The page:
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Violinist James Ehnes Prepares to Play a “Turkish” Treat with the MET Orchestra at Carnegie

Violinist James Ehnes Prepares to Play a "Turkish" Treat with the MET Orchestra at Carnegie

By Brian Taylor, Contributing Writer, May 25, 2018

The Metropolitan Opera Orchestra continues their series of appearances at Carnegie Hall in a exciting upcoming concert on Wednesday, May 30 at 8:00 p.m featuring Mozart’s Violin Concerto No. 5, the “Turkish,” with soloist James Ehnes, as a prelude to Mahler’s dramatic Symphony No. 5, under the baton of Gianandrea Noseda.

Noseda has had a long relationship with the MET as conductor, fondly remembered by audiences for leading the new production of Gounod’s Roméo et Juliette in 2016, as well as the popular production of Les pêcheurs de perles in 2015. Highly in demand around the world, the Italian maestro holds posts with the National Symphony Orchestra and the Teatro Regio Torino. With the latter group, he has recorded Mahler’s Symphony No. 2 on Fone Records, hence, he has some experience leading operatic forces into the work of this great symphonist.

Grammy-winning Canadian virtuoso James Ehnes is one of today’s most versatile and sought after violinists. He joins the MET Orchestra in Mozart’s Violin Concerto No. 5 in A Major, K. 219. It’s nicknamed the “Turkish,” referring to the finale’s brief detour into a minor-keyed bit of indelible exoticism that was novel in Mozart’s time. Listeners will know a more famous example, the finale of the Piano Sonata No. 11, K. 331, referred to as the “Turkish” Rondo.

Key to any performance of a concerto is the collaboration between soloist and conductor, and James Ehnes sounds excited for this partnership, describing Gianandrea Noseda as “a very dear friend, someone I’ve known for about 15 years now, and one of the conductors I’ve worked with the most. So it’s a very special thing…”

Ehnes also looks forward to playing with the MET Orchestra, which he hails as not only “one of the great opera orchestras, of course, but they are also one of the great symphonic orchestras. Their experience with opera makes them extremely flexible and responsive, which is really a very special quality to have.”

In Mozart’s spacious, eloquent A Major Concerto, which he composed in 1775 at the astonishing age of 19, the violin enters, following the typical orchestral introduction, with an ethereal adagio passage. “Even though it’s an early work, with the fifth concerto, in a way, it was as if he finished off what he had to say with the genre. It’s a piece that’s remarkable in so many ways. It’s remarkable for it’s unexpected twists and turns, it’s remarkable for its form, for its textures, for its fun, unexpected Turkish-style episode in the last movement.”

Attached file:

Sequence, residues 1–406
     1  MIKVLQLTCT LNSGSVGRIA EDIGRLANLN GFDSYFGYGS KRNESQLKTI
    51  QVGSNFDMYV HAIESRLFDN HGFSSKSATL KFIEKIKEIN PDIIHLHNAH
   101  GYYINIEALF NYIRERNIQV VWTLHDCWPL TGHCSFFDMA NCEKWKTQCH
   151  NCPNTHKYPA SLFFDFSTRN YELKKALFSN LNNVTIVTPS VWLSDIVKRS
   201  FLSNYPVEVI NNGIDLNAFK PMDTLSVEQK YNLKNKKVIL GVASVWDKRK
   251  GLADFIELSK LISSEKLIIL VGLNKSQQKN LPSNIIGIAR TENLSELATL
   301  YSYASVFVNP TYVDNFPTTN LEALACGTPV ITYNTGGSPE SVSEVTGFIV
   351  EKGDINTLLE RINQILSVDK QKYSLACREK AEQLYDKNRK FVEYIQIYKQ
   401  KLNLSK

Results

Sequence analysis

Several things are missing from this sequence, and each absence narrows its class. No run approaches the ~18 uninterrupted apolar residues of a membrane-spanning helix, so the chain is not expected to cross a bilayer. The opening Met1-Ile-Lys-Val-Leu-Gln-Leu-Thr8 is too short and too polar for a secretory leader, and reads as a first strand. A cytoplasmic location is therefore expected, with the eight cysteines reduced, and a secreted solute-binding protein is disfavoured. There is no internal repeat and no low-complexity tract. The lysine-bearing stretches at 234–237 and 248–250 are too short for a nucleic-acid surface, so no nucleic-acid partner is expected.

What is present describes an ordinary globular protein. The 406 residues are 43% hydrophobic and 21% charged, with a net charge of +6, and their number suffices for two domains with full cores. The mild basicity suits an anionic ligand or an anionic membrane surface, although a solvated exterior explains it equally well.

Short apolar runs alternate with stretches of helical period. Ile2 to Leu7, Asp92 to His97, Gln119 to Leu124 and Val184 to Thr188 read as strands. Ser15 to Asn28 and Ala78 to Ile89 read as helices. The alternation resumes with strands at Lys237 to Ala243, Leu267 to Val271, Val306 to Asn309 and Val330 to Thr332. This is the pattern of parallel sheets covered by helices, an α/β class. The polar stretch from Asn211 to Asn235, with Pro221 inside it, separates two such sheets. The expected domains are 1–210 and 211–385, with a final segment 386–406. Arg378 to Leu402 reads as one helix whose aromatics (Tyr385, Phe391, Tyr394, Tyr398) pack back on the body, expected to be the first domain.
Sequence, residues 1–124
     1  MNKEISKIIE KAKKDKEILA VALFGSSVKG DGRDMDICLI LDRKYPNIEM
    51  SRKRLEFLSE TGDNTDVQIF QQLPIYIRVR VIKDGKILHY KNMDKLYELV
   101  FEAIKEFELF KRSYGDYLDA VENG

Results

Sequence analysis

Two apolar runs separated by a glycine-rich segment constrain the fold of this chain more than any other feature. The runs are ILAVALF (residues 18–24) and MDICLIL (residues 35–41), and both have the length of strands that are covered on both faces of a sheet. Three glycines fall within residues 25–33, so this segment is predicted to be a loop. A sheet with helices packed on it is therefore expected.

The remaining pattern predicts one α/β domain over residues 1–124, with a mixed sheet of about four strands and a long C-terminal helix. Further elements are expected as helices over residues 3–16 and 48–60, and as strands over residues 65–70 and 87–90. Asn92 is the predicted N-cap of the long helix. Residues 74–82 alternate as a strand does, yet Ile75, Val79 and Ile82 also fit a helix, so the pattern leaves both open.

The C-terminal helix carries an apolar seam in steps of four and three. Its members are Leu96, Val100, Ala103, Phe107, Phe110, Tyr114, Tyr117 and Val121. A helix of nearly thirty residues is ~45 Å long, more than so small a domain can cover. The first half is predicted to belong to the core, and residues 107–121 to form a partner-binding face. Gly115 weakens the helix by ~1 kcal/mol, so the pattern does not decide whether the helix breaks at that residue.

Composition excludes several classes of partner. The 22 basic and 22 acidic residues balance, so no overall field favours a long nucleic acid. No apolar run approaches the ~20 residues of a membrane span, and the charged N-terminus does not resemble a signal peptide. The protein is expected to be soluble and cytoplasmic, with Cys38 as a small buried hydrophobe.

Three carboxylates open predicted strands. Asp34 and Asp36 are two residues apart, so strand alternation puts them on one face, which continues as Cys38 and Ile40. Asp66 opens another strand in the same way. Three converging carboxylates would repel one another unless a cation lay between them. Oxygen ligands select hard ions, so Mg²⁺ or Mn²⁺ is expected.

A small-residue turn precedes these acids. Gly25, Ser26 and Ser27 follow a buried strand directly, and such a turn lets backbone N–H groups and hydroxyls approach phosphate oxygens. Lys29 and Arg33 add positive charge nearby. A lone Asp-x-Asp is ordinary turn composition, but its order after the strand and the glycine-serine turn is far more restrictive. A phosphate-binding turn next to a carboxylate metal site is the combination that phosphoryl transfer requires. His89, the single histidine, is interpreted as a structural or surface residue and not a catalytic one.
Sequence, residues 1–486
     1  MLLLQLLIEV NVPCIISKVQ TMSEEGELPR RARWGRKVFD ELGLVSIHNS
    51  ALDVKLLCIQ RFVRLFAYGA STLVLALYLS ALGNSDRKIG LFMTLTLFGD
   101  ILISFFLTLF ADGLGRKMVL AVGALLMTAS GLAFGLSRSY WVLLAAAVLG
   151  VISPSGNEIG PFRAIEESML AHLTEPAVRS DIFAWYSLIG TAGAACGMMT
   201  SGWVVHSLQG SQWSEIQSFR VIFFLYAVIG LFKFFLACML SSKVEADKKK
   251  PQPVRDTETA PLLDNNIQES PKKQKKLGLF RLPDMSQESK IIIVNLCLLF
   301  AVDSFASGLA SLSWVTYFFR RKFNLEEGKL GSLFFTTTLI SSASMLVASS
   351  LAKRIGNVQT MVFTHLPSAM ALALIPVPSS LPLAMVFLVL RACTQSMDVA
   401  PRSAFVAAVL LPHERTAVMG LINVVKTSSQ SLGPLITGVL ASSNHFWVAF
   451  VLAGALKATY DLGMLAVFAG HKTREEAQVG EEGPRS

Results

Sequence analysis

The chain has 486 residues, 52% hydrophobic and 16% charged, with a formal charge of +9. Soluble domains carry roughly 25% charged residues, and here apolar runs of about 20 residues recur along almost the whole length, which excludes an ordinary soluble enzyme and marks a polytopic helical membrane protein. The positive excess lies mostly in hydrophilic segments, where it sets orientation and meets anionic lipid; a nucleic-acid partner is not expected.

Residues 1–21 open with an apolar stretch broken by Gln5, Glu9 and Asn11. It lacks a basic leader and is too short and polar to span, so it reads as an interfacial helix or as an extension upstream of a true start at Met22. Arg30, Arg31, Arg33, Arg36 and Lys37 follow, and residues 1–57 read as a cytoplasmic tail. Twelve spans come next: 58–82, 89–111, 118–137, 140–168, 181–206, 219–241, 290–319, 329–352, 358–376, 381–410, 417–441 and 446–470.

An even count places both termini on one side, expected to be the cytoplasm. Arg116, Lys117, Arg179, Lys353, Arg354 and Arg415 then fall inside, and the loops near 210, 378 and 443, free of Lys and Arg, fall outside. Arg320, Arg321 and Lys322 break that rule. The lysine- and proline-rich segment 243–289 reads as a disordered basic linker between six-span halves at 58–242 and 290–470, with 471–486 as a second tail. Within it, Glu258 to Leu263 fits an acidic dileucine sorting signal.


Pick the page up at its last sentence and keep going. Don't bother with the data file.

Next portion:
Ehnes frequently plays the concerto without conductor, but relishes the “really fun conversation” that it is to play Mozart with his friend Noseda. “This is an orchestra that’s so wonderfully flexible, I think it’s going to be like a really fun chamber music performance with my friends!”

Mahler’s Symphony No. 5 in C# Minor from 1904 is considered a break-through work in his output, as he strived to untether his creations from nonmusical subject matter and compose a work of pure instrumental expression. The Fifth, one of his showiest for the orchestra, is a great introduction to Mahler for audiences who might be new to his symphonies, and a great piece for the exceptional MET orchestra to sink their teeth into.

Typically lasting over an hour, in three large parts, and five movements, Mahler was painting on a huge canvas, and the emotional range in this piece is formidable. The famous conductor Herbert von Karajan is credited with saying of the symphony, “you forget that time has passed” and that it should be “a transforming experience.”

The dark, dramatic first part begins ominously with a funeral march, the spirit of Beethoven always hovering above, and brims with Mahler’s signature brand of extreme contrast, adventurously developing a plethora of themes. The second part is a substantial scherzo opening with a thrilling horn solo, and marvelous interplay between the various sections of the orchestra. The MET orchestra is sure to glow brightly in this music full of dynamic surprises. Mahler said of this movement “There is nothing romantic or mystical about it; it is simply the expression of incredible energy. It is a human being in the full light of day, in the prime of his life.”

The fourth movement, the Adagietto, might be one of Mahler’s most familiar pieces of music. Thought of as a love letter to his wife Alma, it has taken on an air of reverence in interpretations such as Leonard Bernstein’s wrenching account of it, for example, at Robert F. Kennedy’s funeral in 1968. Over the years, it has been performed in a wide variety of tempos, but it never fails to move the audience emotionally. It will be interesting to see what Noseda and the MET Orchestra do with this touchstone movement, but the finale is one of Mahler’s most climactic creations, and no orchestra is better equipped to bring it off as the great MET Orchestra. This concert promises to be a rewarding journey.

 

Violinist James Ehnes Prepares to Play a "Turkish" Treat with the MET Orchestra at Carnegie

Conductor Gianandrea Noseda; courtesy of the artist.

 

Cover: James Ehnes; photo: Benjamin Ealovega.


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